float, double, long double

Discussion in 'C++' started by JKop, Aug 7, 2004.

  1. JKop

    JKop Guest

    Does the Standard specify any minimum range or minimum
    precision for the float, double and long double. I haven't
    found anything in the Standard about it.

    -JKop
    JKop, Aug 7, 2004
    #1
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  2. > Does the Standard specify any minimum range or minimum
    > precision for the float, double and long double. I haven't
    > found anything in the Standard about it.


    Yes: Float must offer at least the equivalent of 6 decimal digits of
    precision; double and long double must offer at least the equivalent of 10
    digits.

    In practice, virtually all implementations use the machine's native
    floating-point types; on most machines today those offer approximately 6
    digits for float and 16 digits for double. Implementations are less
    consistent for long double, but double is good enough for most applications
    anyway.
    Andrew Koenig, Aug 7, 2004
    #2
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  3. JKop

    Fraser Ross Guest

    "Andrew Koenig"
    > In practice, virtually all implementations use the machine's native
    > floating-point types; on most machines today those offer approximately 6
    > digits for float and 16 digits for double.


    Borland C++ documents have always stated 7 for float and 15 for double.

    Fraser.
    Fraser Ross, Aug 8, 2004
    #3
  4. JKop

    Jack Klein Guest

    On Sat, 07 Aug 2004 20:14:05 GMT, JKop <> wrote in
    comp.lang.c++:

    >
    > Does the Standard specify any minimum range or minimum
    > precision for the float, double and long double. I haven't
    > found anything in the Standard about it.
    >
    > -JKop


    This is one of those cases where the C++ standard adopts the
    requirements of the C standard without repeating the text.

    Section 5.2.4.2 Numerical limits spells out the minimum ranges for all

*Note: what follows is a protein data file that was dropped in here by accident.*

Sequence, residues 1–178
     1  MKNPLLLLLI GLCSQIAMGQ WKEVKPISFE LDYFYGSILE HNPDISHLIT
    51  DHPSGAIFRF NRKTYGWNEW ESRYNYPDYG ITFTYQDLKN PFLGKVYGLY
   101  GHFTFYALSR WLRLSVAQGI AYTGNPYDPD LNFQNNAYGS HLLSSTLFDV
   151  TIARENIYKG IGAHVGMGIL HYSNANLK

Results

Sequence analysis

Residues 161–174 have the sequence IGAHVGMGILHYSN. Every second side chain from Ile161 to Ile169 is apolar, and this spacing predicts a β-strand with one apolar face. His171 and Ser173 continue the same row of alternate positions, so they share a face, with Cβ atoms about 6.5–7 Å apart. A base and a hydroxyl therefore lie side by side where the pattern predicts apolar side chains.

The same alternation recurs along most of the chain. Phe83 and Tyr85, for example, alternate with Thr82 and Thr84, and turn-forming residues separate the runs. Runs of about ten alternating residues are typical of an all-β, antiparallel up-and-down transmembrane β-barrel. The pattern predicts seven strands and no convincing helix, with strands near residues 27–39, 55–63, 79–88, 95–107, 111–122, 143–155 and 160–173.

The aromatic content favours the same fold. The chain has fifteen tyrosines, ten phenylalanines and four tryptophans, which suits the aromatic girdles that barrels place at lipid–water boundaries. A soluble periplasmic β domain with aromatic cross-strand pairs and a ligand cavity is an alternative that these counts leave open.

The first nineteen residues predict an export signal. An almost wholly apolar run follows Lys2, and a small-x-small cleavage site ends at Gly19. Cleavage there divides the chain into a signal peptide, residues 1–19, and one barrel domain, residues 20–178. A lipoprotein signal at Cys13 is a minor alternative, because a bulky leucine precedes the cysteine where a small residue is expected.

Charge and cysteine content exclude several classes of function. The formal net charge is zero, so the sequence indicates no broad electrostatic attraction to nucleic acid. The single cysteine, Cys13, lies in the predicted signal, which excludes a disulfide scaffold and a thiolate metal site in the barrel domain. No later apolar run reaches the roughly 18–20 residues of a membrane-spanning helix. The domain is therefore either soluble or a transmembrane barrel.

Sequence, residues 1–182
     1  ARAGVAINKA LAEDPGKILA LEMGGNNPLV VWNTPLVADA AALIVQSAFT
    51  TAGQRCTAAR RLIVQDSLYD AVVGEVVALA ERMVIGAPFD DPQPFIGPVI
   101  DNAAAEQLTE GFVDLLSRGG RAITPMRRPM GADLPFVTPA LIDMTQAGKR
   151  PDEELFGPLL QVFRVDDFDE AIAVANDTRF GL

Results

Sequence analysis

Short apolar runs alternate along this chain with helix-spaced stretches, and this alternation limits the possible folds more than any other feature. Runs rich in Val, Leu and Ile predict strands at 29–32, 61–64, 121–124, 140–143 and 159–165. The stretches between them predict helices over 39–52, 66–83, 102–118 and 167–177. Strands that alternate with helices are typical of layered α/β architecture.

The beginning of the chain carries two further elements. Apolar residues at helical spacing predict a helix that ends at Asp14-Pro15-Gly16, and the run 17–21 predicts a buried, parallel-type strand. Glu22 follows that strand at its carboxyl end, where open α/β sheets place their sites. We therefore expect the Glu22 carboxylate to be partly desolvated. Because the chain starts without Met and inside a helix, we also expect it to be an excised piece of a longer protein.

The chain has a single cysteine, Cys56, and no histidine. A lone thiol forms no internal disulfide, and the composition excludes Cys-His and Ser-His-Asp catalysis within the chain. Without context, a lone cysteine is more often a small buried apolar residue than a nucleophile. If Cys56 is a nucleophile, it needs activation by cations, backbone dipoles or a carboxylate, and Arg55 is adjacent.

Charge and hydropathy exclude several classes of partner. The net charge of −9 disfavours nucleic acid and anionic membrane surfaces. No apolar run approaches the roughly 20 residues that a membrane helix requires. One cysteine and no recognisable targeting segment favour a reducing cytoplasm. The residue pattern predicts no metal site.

integer and floating point types, and minimum precision and several
    other important factors for the floating point types. An
    implementation, C or C++, is required to document its implementation.

    The section number is the same in both the older version of the C
    standard which the C++ standard includes, and the current C standard.

    --
    Jack Klein
    Home: http://JK-Technology.Com
    FAQs for
    comp.lang.c http://www.eskimo.com/~scs/C-faq/top.html
    comp.lang.c++ http://www.parashift.com/c -faq-lite/
    alt.comp.lang.learn.c-c++
    http://www.contrib.andrew.cmu.edu/~ajo/docs/FAQ-acllc.html
    Jack Klein, Aug 8, 2004
    #4
  5. JKop

    JKop Guest

    Jack Klein posted:

    > This is one of those cases where the C++ standard adopts the
    > requirements of the C standard without repeating the text.
    >
    > Section 5.2.4.2 Numerical limits spells out the minimum ranges for all
    > integer and floating point types, and minimum precision and several
    > other important factors for the floating point types. An
    > implementation, C or C++, is required to document its implementation.
    >
    > The section number is the same in both the older version of the C
    > standard which the C++ standard includes, and the current C standard.



    Great! Now all I need is the C Standard. What ever happened to self-
    sufficency, self-containment?


    -JKop
    JKop, Aug 8, 2004
    #5
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